I hardly know her
Romancelvania is broken into a handful of chapters, most of which require you to track down contestants for the reality show (remember that?). They have quests that need to be completed before they join. You can talk to them at your castle, invite them to date spots scattered around the world, and give them gifts. Certain buyable upgrades are locked behind getting their affection levels high enough. But chapters end with you voting characters off, so you can permanently miss out on upgrades depending on who you vote off and when.
This could have been interesting, requiring you to weigh keeping people around for love or utility. But most of these affection-gated unlockables feel like afterthoughts. Occasionally, characters have very useful upgrades. Brocifer, one of the game’s most irritating characters, offers great upgrades. But I voted him off right away before realizing this, so I missed out on these boons permanently. A lot of the other character-specific upgrades just aren’t worth the effort in any capacity. Medusa’s affection gates upgrades to her ability, which lets you shoot her head out like a Street Fighter attack. As I constantly used this attack by mistake, I voted her off since I had no use for it.
A lot of the cast is actually fairly likable and they’re buoyed by the aforementioned fantastic voice acting and terrific character portraits. But the game gives little thought to how it divvies them up. You’ll obviously have much more time to interact with characters you meet in chapter one versus the ones in chapter three. Some of the latter have far fewer dates and dialogue options than the former, which makes certain characters feel more like afterthoughts.
The characters also don’t gain affection similarly. Some characters will have a ton of affection for you just from going through their quest lines, while others will leave you with a fraction. One character, Lulu, only has three dates and you don’t gain much affection from her story quests, so I had to grind her affection up from level two with presents. Similarly, I got Neira up to level six without doing much of anything. It’s simply unbalanced.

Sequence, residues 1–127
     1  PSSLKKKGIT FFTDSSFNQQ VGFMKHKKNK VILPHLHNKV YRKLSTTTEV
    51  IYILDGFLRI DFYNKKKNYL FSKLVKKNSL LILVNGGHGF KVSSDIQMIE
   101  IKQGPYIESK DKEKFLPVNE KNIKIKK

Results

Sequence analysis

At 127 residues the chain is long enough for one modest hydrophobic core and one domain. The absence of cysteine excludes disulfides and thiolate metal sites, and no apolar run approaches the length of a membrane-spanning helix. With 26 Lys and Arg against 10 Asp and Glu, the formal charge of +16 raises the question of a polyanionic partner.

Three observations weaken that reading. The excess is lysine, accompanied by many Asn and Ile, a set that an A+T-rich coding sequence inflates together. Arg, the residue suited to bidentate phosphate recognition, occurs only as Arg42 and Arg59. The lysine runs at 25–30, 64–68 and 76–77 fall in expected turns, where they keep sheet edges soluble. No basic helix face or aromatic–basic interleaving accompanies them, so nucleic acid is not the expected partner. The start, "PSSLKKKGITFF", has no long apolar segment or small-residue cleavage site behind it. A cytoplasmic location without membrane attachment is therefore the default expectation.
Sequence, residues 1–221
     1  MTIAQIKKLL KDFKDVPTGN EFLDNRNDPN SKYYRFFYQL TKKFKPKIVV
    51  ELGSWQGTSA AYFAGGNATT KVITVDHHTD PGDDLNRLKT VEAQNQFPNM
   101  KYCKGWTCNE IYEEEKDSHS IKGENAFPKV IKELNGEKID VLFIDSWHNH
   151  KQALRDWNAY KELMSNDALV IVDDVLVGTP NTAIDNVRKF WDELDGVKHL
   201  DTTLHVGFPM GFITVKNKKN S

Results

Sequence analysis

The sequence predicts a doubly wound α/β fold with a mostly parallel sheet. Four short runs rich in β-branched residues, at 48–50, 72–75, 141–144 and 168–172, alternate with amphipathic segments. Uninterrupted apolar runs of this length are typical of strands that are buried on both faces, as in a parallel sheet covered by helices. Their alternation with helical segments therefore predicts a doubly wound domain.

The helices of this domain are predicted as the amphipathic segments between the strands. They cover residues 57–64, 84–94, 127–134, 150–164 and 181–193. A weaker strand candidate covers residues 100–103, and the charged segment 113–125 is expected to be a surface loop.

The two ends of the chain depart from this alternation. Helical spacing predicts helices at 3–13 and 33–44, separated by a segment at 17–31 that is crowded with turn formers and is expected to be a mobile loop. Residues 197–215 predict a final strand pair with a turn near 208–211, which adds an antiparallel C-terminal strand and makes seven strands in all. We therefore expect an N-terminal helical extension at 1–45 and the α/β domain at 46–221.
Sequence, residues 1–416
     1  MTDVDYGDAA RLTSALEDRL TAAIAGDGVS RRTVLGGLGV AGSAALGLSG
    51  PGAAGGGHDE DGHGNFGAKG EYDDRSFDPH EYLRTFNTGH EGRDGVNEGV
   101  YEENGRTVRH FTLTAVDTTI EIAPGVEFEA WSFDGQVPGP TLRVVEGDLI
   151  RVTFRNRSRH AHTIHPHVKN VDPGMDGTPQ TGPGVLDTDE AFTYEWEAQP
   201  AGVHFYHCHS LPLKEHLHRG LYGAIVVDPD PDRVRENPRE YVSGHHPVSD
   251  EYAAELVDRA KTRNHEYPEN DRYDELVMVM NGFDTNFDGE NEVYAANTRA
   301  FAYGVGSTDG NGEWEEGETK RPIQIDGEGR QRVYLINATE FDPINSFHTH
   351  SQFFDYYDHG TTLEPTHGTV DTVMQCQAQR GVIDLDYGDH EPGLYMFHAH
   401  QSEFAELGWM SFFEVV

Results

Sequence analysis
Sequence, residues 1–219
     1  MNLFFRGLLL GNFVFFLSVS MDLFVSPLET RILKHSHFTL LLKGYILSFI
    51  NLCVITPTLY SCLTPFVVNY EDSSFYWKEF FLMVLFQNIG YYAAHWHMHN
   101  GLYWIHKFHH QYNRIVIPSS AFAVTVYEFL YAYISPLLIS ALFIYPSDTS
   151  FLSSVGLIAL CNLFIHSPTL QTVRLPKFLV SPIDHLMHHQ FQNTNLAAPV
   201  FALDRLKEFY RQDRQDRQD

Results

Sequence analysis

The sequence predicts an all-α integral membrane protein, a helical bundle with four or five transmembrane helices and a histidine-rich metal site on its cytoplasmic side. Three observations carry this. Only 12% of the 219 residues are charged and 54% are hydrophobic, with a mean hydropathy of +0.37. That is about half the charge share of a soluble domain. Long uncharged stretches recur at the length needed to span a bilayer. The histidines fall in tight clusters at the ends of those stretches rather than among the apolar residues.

Aside from upgrades, their affection levels only gate whether or not you can invite them on a final date at the end of the game, but even this barely changes the overall ending. I spent the entire game aiming to at least see a specific character’s final date, but the quest required to see it never unlocked. I’m not sure if I missed something or if it was a bug, though. I scoured the location that contained the necessary item, but it seems it doesn’t spawn without accepting a quest that never showed up for me, so I had to walk away.
Naturally, there are some unsightly bugs here and there. On one occasion, Drac lost the ability to walk and I had to jump around in order to move. One dialogue event let me repeat it as many times as I wanted, which I could have used to grind affection with a specific character. During a mini-boss fight, Drac got caught on a piece of geometry outside of the camera field and I had to struggle to get back to the fight. One enemy can also get you caught between it and a piece of geometry, so I had to just wait and die so that I could respawn. It’s a mess all the way down.
The game took me about eight to nine hours to complete, but it’ll obviously take multiple playthroughs if you want to see all the final dates and character scenes — which is a shame. I can’t imagine doing three or so playthroughs of this game just to get to the good stuff. Voting cast members off is a funny reference to reality TV, but it’s really mostly pointless here and only serves to force players to miss out on content. The game’s optimization is also quite poor. At 1440p 120 fps and 4K 60 fps, my GPU got louder than I’ve ever heard it before. Even louder than when running AAA games with the same settings.
Romancelvania is a bad game, true, but it’s got a lot of heart and some very good qualities. The combat, movement, mechanics, and balancing are all fairly awful, which makes it a bit of a pain to play. But it can be fun. I did like a lot of the characters and things become manageable once you get used to much of it, but I can’t recommend sifting through all the underdeveloped elements just for the dialogue and date scenes. The art, writing, and voice acting honestly deserved a much better game than this.
What we’re left with is a mostly subpar Metroidvania that people will only slog through to get to the good stuff buried underneath all the disappointing aspects. Plus, there isn’t even a new game plus so that you can 100% it on one file or do quicker runs just to see the scenes you’re missing. Bad form, Peter. Bad form.